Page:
Susan Itzkowitz: After the great response at FFANY, we are optimistic about all of our businesses going forward. That being said, we are also realistic and prepared for any economic swings. We’ve seen this before in recent history and still believe the consumer will buy fashionable shoes that offer him or her great quality and value. As in past difficult economic times, history has shown that lipstick sales rose because people wanted a quick pick-me-up. We believe footwear can have the same impact.
How well-equipped are you to handle the cost and price changes in the industry right now?
Marc Fisher: I don’t think it’s realistic to expect shoe prices to stay stagnant forever. The higher costs turn out to be a good thing for us because sourcing has always been our No. 1 expertise, so we know how to maneuver in these situations. We have a sourcing office in China with about 75 experienced people. We understand what we need to do without sacrificing the quality. What happened in the last 18 months [was] a lot of people, [in order] to maintain prices and margins, went to different factory bases, which then couldn’t deliver the product, and companies got horrible quality that they never anticipated. A lot of people are raising prices 5 to 10 percent and lowering quality at the same time, so it’s like a double whammy. But our goal is to have the best value at any price, whether it’s $59 or $99. That’s the trick. We’re not focused on sourcing issues. We’re focused every day on pricing, being competitive and having the right value.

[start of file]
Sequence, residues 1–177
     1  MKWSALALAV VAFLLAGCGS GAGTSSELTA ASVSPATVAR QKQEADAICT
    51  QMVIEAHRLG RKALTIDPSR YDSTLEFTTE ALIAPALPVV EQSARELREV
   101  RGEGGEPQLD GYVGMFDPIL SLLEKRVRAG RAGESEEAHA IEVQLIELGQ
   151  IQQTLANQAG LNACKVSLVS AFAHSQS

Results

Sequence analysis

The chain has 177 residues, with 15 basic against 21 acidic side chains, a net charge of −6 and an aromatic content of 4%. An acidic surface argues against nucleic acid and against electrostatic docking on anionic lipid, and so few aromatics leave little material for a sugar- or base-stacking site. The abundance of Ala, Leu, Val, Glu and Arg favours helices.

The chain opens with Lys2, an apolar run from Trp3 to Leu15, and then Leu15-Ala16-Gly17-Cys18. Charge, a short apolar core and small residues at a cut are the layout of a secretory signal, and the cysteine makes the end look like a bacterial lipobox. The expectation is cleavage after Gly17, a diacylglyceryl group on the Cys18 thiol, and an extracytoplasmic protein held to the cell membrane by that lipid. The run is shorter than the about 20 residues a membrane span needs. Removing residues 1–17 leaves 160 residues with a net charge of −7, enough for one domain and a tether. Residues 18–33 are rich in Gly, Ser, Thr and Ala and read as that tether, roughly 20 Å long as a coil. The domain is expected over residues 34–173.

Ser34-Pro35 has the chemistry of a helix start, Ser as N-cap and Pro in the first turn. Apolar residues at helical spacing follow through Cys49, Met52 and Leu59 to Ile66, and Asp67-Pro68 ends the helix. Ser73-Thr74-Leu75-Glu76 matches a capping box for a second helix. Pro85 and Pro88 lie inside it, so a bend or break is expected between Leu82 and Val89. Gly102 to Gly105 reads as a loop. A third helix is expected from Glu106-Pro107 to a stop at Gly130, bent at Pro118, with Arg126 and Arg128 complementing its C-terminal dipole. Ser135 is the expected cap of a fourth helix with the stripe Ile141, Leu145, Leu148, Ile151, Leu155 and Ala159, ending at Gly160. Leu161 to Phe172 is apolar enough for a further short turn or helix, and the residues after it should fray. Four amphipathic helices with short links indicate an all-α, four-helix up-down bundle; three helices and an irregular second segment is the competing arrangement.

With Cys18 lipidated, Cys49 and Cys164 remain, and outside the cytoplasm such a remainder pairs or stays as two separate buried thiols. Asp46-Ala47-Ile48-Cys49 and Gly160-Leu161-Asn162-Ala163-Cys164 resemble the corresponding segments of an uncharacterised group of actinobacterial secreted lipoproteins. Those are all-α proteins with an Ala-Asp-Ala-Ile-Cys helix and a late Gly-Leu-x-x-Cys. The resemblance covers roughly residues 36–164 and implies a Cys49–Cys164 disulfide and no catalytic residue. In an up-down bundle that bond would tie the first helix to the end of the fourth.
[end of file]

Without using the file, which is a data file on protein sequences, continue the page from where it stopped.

SI: We’re focused on what the consumer’s looking for and how we give it to her at a price she’s going to be able to pay. We realized that sourcing, manufacturing and the whole product design function is really parallel to building a successful business.
What’s your advice to smaller companies that are trying to survive in this environment?
MF: Everything in China has changed, [so being] small doesn’t cut it. It’s always good to get new, young, creative companies to start because [the industry is] like a flower [that’s] got to keep re-budding. Unfortunately, looking forward [to] the next two years, a small company isn’t going to have much of a chance. There are going to be a lot of small companies that [probably will] drop out of it. There will be more consolidation in the industry, for sure.